Volume 94, Issue 22

Friday, October, 6, 2000


Letters to the Editor

Bathroom Confucius says,"If man stand on toilet, he is high on pot"

Letters to the Editor

Virtue is an open mind

Re:Haskett should keep politics out of the pews,Oct. 3.

To the Editor:

I was just reading the various articles about the PromiseKeepers convention and I noticed the continual reference to the word "conservative."

Yes, I think our mayor is "ultra-conservative," but so is London!

If we really want to change the attitudes of people towards the gay community and fight misogynist attitudes, we first have to encourage the people of London to have open minds to new things.

Stop going to the same two coffee shops, same three malls and same three nightclubs all the time! Try something new and different.

Adding to our experiences brings in touch with different people, different cultures and different social attitudes. This way, we can all learn tolerance and perhaps give the not-so-conservative aspects of this city a chance to survive.

Vanessa Brown
English III

Clever guy dishes it out

Re:A Canadian Touchstone, Sept. 29.

To the Editor:

Returning to visit my family this past weekend in London, I was extremely disappointed in Friday's Gazette editorial concerning Mr. Trudeau's passing. Aside from being a most curious and unfortunate work from a grammatical, stylistic, and general coherence standpoint, the editorial contains an absolute shocking number of factual omissions and inaccuracies.

With so much historically correct information on the web and in the general press, it is a shame that more, or even some, research was not undertaken. I will elucidate my point with four of the most glaring errors:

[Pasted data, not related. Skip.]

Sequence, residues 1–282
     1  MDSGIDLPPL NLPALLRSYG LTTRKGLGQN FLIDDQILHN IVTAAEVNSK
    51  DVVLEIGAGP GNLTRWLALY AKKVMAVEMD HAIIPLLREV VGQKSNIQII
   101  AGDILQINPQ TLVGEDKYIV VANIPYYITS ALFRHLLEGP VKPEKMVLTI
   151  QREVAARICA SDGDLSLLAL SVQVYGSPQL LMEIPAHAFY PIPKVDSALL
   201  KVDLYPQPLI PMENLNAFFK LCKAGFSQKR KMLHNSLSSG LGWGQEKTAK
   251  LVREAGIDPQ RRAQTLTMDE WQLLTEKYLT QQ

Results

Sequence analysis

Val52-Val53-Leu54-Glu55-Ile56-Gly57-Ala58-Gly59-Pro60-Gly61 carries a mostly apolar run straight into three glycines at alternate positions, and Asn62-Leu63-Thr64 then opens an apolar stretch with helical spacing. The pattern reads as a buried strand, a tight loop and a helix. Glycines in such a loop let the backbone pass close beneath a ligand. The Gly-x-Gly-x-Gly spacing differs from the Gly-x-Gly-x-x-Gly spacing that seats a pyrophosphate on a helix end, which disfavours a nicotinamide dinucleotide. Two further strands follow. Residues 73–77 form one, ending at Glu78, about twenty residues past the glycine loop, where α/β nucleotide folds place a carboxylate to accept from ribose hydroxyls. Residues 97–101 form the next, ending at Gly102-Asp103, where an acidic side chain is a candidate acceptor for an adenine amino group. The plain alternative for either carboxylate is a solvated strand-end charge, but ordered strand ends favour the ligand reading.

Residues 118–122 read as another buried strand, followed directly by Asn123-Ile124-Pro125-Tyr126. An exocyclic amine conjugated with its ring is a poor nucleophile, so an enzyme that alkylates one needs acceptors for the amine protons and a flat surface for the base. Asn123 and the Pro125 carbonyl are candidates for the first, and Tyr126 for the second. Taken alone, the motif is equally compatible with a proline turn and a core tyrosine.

(1) Trudeau's name is misspelled both in the editorial and the front page story.

(2) Trudeau did not "enact" the War Measures Act - but I'm pretty darn sure he invoked it.

(3) Trudeau's 1984 pre-resignation walk occurred in Ottawa.

(4) Your staffers may wish to become more familiar with the difference between the Constitution Act and the Charter of Rights and Freedoms (hint: they're not the same thing) and complete some remedial work on what the Meech Lake and Charlottetown Accords were all about.

While trying not to be entirely unreasonable and not demanding perfection in the least – I think Friday's effort was, at best, elementary school-ish.

In addition, while passing through campus on Saturday, I was appalled and ashamed that the Canadian flag atop University College had not been lowered to half staff. It is an insult and a dishonour to the Western community and all Canadians that this flag was not lowered. It was my prior belief that universities were the keepers of learned traditions; a repository of history and a catalyst for change.

Andrew Tam
B.A. '96, LL.B. '99

Closed doors unchristian

Re: Christians are people too, Reader thinks critics wrong, Oct. 3.

To the Editor:

Are we any further along in understanding the PromiseKeeper issue? The Gazette has reported largely from the outside and while they print letters that can't get past their own sense of value-ladenness, we're no further ahead in understanding the issues.

Other than perhaps the protesters, most people have ignored that Christian men, who make up the ranks of the PromiseKeepers, are not a minority group.

As far as I know, according to the Ontario Human Rights code and the Canadian constitution, they should not be enjoying any special status as regards their membership.